Loretta and I ended up making the decision to cancel (knowing how bummed the students would be … we were expecting over 100 students, by the way) because of what the roads and access to the church would look like in the morning. We were worried that after a long evening hanging out with students all night long (10 hours!) we might have students that couldn’t get home by that morning.
We were right about a couple of things: 1) the students (and their parents) were really bummed! and 2) there was lot of snow in the morning (more than we thought we were going to get) and the roads didn’t get plowed until late mid-morning.
While cancelling an event is never a popular decision, it is often the “right” decision taken upon by responsible and caring adults who (hopefully) are thinking wisely through multiple factors and implications in order to keep children safe and sound.
What do you think?
We took the middle and high school students to Skate City in Rice Lake, WI on Sunday, November 14, 2010.
It’s funny, every year the week leading up to our Trunk or Treat event, I wonder if anyone is going to come, or if the last year was the best and it’s just going to go downhill from here. However this year was another record attendance year. The official count was 1017 kids came through with bags. Add one adult per kid and you’ve got close to 2000 people we gave out candy to in under 2 hours! All of our vehicle participants were amazed at the turnout, and almost every one underestimated the amount of candy they would need. I had to do a last-minute Wal-mart candy fun in the middle of the event because we were almost out of candy! Our parking lot attendants kept the traffic under control during those 2 hours, which was very helpful and important for keeping things safe.
All in all it was a very safe and fun evening of giving out candy and promoting a fun and playful atmosphere on “International Candy Day” (my take on the popular use of Halloween). There are a few things I would do differently logistically, but overall this particular event as an outreach in our community continues to be an amazing success!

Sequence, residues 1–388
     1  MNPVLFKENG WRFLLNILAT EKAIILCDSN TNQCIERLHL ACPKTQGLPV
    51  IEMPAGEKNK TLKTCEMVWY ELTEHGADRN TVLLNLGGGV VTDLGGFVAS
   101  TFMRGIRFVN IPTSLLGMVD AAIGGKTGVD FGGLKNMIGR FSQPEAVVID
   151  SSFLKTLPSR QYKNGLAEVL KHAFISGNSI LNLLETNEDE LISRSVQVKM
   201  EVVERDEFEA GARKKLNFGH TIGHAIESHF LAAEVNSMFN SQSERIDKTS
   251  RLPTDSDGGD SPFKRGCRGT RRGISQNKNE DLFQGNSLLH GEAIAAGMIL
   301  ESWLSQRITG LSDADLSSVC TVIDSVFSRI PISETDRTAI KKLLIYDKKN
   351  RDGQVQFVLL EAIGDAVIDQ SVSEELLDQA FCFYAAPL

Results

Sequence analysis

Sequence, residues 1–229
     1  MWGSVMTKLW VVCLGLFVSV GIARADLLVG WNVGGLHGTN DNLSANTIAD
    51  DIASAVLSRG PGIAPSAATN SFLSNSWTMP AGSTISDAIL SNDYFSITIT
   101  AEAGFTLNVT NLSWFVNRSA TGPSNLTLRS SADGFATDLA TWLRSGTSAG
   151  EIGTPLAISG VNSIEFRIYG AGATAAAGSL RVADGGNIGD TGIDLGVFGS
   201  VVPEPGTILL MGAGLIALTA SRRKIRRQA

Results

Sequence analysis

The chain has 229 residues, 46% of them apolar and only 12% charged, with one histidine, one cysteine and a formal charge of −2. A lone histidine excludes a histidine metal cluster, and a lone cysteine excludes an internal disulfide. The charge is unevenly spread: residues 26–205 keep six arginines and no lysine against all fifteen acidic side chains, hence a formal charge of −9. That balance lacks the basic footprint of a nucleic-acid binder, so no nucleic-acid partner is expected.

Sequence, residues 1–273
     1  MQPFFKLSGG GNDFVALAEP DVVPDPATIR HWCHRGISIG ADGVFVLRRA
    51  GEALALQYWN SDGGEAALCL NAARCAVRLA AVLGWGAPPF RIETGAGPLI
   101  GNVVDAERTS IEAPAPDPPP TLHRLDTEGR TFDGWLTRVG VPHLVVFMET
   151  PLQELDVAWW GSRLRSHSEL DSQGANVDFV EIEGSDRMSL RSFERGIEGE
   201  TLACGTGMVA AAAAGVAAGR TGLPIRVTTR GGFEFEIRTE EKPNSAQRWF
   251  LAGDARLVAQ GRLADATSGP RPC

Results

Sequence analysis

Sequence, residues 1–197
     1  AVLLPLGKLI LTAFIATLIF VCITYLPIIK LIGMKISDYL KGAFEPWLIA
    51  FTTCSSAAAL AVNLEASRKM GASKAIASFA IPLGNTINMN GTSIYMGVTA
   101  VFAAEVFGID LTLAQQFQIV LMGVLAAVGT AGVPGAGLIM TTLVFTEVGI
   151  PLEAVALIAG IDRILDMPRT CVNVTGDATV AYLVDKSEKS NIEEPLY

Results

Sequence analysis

Doors opened at 8:30p and after we checked everyone in, we went over the rules of the Lock-In. Here is a run-down of what the evening’s activities were:
- 9:30p – Dodgeball games
- 10:30p – Snacks and free time
- 11:00p – Hide and Seek
- 12:30a – Snacks and free time
- 1:00a – Shuffle Your Buns and the Key Game
- 2:00a – Hide and Seek (take 2)
- 2:45a – Minute to Win It (60 seconds) games (kicking shoes on a table from 9′ away and keeping 3 balloons in the air)
- 3:15a – writing Letters to God and prayer time
- 3:45a – Snacks and free time
- 4:00a – Movie Time: “A Diary of a Wimpy Kid”
- 5:30a – Snacks and free time / others can sleep
- 6:00a – Breakfast: Donuts from the Hayward Bakery and some milk, OJ, and Apple Cider
- 7:00a – Lock-In OVER
There ended up being over 100 middle school students at the Lock-In that night! It was awesome! We had the best time just playing and goofing off and eating all the snacks that everyone brought. Below is a video from the evening: